Friday, December 11, 2009

BIDI SCREEN (Bidirectional Screen) from MIT Media Lab may allow gestureal computing

BIDI SCREEN (Bidirectional Screen) from MIT Media Lab



Google demonstrates quantum computer image search - tech - 11 December 2009 - New Scientist

Google demonstrates quantum computer image search - New Scientist

"Google's web services may be considered cutting edge, but they run in warehouses filled with conventional computers. Now the search giant has revealed it is investigating the use of quantum computers to run its next generation of faster applications."

Google's web services may be considered cutting edge, but they run in warehouses filled with conventional computers. Now the search giant has revealed it is investigating the use of quantum computers to run its next generation of faster applications.

Writing on Google's research blog this week, Hartmut Neven, head of its image recognition team, reveals that the Californian firm has for three years been quietly developing a quantum computer that can identify particular objects in a database of stills or video.

Google has been doing this, Neven says, with D-Wave, a Canadian firm that has developed an on-chip array of quantum bits – or qubits – encoded in magnetically coupled superconducting loops.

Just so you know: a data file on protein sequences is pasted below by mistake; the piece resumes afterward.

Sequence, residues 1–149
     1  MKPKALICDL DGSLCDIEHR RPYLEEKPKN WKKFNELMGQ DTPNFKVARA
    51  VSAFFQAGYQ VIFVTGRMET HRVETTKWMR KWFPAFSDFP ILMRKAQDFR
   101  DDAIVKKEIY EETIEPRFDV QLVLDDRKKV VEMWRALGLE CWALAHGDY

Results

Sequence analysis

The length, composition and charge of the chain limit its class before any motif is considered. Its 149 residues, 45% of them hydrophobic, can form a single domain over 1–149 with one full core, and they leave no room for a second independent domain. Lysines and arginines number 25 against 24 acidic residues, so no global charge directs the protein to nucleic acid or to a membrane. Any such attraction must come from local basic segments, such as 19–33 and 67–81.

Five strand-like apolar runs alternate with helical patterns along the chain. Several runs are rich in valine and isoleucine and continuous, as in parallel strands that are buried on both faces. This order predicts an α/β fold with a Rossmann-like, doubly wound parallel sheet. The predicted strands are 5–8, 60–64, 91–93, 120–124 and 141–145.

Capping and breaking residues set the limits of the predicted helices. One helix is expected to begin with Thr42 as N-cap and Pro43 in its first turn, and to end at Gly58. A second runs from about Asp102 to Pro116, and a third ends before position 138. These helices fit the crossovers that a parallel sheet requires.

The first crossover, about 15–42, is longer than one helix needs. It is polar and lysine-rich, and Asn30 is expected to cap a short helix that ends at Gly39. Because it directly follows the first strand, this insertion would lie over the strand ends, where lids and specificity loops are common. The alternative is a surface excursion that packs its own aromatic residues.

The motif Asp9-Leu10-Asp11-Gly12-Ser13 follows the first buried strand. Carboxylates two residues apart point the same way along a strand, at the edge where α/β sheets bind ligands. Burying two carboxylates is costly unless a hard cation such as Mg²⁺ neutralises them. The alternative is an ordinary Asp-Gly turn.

The team set themselves the challenge of writing an algorithm for the chip that could learn to recognise cars in photos, and reported at the Neural Information Processing Systems conference in Vancouver, Canada, this week that they have succeeded.

Using 20,000 photographs of street scenes, half of which contained cars and half of which didn't, they trained the algorithm to recognise what cars look like by hand-labelling all the cars with boxes drawn around them.

After that training, the algorithm was set loose on a second set of 20,000 photos, again with half containing cars. It sorted the images with cars from those without faster than an algorithm on a conventional computer could – faster than anything running in a Google data centre today, Neven says.

Classical computers use what is known as a von Neumann architecture, in which data is fetched from memory and processed according to rules defined in a program to generate results that are stored. It is pretty much a sequential process, though multiple versions of it can run in parallel to speed things up a little.

Quantum computers, however, promise much faster processing, by exploiting the principle of quantum superposition: that a particle such as an ion, electron or photon can be in two different states at the same time. While each basic "bit" of data in a conventional computer can be either a 1 or a 0 at any one time, a qubit can be both at once.


Tuesday, December 08, 2009

Quantum Man - Wikipedia, the free encyclopedia

Quantum Man - Wikipedia, the free encyclopedia

Quantum Man (2006) by Julian Voss-Andreae.

Quantum Man is a modern sculpture created by Julian Voss-Andreae, which is located in the City of Moses Lake, Washington[1].

Drawing inspiration from Voss-Andreae's background in physics[2], “Quantum Man” is the image of a walking man seen as a quantum object. Made up of over a hundred vertically oriented steel sheets, the 8’ (2.50 m) tall sculpture provides a metaphor for the counter-intuitive world of quantum physics. Symbolizing the dual nature of matter, the sculpture seems to consist of solid steel when seen from the front but nearly disappears when seen from the side, as light shines through the spaces between the slabs[3].